In 1992 the BBC released a film called Elvis, the Yorkshire Years. It featured a man from Staithes who used a name that may not have been authentic. Scott Davis worked as an Elvis Presley impersonator. Staithes has an inlet where the fishing boats dock, and to the left of the inlet there is a bay defined by two rocky cliffs. Davis lived on land high above the inlet. In 1992 he had returned home to Yorkshire after impersonating the King in Florida. Davis was frustrated by life in the depressed economy of Britain, and the film showed a nervous man preparing to gamble the rest of his life on a debut in Las Vegas. The film has merit and is still available from the BFI. In 1992 my two daughters were children. The film has uncensored language but my daughters had insisted on watching the film, and their mother had indulged them. During our holiday in Staithes that year, my two daughters and me walked past the home of Davis who that summer was back in England. We looked through the window and saw him in his living room and sitting on the sofa. Davis did not wear a white suit but he wore large glasses and flash clothes, and he had the hair. My kids jumped up and down with excitement. They had seen their first celebrity.
The only cars allowed to park in Staithes village belong to residents. Staithes is an escape from the modern world, unchanged because the automobile is tamed, and delightful because of the Yorkshire coastal landscape. Davis viewed its strength as limits and yearned to leave. It makes sense. The heroes of the modern world both inspire and infect, and village communities have a medieval dread of infection. Staithes has an annual festival but there are no musical events. All the shops become art galleries and they present work by local artists. Davis was an outsider who needed Elvis and who yearned for Vegas. Other outsiders, though, have sought similar escape to Davis, and thirty of them settled in Staithes and grouped together to form the Northern Impressionists. Their legacy contributes to the festival.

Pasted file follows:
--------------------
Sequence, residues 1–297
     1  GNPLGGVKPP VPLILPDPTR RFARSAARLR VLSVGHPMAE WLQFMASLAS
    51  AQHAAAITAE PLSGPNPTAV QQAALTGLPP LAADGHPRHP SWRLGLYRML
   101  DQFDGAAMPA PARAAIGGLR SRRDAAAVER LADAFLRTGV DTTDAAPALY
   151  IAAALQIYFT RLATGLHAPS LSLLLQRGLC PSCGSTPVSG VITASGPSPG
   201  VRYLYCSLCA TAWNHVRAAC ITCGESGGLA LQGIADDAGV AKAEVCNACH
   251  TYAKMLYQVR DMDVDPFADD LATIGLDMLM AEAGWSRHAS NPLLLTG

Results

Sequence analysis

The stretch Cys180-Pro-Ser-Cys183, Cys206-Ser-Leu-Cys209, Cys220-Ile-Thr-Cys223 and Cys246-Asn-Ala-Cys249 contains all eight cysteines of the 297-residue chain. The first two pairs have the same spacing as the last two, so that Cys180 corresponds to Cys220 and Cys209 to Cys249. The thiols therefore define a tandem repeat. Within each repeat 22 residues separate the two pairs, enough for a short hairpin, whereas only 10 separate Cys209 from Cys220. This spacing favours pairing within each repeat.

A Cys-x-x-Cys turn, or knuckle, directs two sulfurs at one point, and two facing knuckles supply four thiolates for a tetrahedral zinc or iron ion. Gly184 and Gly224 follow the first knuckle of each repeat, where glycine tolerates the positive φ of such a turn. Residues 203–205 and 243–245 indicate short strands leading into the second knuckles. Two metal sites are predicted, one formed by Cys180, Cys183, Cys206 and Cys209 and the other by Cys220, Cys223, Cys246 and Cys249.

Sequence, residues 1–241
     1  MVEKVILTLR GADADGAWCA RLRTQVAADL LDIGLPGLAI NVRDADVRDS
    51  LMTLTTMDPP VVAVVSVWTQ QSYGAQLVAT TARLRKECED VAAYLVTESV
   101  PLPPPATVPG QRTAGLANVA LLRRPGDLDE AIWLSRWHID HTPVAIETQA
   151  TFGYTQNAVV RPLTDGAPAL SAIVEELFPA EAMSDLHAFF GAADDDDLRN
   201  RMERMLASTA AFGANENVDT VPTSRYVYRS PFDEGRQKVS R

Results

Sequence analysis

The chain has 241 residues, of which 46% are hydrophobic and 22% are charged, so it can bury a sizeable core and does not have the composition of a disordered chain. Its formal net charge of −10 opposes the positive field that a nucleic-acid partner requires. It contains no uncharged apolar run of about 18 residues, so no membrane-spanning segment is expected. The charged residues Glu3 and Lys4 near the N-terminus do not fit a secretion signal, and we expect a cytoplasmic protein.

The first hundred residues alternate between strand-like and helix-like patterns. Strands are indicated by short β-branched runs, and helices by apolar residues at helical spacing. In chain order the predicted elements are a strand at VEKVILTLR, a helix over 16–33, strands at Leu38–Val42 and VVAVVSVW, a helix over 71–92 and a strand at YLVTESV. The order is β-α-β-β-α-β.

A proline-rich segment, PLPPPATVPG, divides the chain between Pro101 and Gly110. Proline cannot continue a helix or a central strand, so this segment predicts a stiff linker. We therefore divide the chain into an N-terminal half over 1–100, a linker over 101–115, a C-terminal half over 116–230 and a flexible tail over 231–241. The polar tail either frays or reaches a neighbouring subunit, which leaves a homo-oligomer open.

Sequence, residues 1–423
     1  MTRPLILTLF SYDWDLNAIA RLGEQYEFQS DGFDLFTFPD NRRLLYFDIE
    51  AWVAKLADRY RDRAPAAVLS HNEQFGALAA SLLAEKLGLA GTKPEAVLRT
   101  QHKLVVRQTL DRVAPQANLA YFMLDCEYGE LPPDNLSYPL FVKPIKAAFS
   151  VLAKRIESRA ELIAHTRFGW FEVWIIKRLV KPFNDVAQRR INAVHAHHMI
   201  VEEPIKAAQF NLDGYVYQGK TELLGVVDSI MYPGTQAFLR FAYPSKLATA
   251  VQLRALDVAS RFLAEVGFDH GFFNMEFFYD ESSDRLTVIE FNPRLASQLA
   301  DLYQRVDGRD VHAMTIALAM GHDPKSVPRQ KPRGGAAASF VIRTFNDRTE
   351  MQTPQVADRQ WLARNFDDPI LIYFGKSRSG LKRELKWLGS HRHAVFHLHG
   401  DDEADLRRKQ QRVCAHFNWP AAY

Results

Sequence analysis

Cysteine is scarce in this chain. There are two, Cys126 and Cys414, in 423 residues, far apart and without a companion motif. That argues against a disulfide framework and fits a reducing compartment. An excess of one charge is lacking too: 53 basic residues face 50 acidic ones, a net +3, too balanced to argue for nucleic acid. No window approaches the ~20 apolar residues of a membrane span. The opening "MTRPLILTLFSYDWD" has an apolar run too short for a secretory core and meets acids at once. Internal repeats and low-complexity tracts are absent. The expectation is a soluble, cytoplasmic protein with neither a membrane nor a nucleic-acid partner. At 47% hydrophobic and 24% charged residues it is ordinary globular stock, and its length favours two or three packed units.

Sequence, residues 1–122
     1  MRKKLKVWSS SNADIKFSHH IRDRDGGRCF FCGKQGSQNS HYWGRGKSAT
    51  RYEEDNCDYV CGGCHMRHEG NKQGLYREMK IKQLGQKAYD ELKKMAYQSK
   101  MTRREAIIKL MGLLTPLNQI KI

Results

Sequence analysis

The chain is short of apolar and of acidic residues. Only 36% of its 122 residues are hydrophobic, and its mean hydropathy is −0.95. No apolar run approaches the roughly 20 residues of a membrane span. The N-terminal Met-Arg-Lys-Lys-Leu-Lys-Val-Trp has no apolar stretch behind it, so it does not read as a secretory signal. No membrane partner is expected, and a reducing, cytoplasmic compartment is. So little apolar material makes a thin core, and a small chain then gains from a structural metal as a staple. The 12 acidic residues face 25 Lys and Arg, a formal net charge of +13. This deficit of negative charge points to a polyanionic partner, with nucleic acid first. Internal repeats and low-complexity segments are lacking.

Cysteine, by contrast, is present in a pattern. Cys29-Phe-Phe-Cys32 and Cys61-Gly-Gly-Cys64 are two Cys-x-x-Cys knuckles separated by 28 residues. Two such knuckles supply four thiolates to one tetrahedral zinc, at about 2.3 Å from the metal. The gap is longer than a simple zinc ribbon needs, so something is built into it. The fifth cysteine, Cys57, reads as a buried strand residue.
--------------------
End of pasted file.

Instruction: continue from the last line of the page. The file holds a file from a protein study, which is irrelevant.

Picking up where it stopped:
In 18th Century Britain not all wanderers were outsiders. Some travelled to survive. Captain James Cook is as famous as any of those Britons that did wander and he worked in Staithes as an apprentice grocer between 1745 and 1746. The fishing industry in Staithes would have been important then. At its peak there were eighty fishing boats in Staithes, some of them cobles, a weird mix of rowing boat and tent. Cook would have been able to watch the boats leave and arrive, sail past the beach and disappear in the broad sea between the two cliffs that define the bay. The store where he worked now has a plaque to commemorate Cook. The village has a museum that remembers the life of Cook. Like the museum the lifeboat station is open to the public. Both help the adults keep their children amused, or at least those who do not stare out between the cliffs and wonder, like Davis and Cook, what the hell it is that beckons them away.
Next week, the River Mersey makes a surprise appearance, Stockport
Howard Jackson has had four books published by Red Rattle Books. His 11,000 mile journey around Brazil is described in Innocent Mosquitoes. His latest book and compilation of horror stories is called Nightmares Ahead. Published by Red Rattle Books and praised by critics, it is available here.
If you want to read more about his travels click here.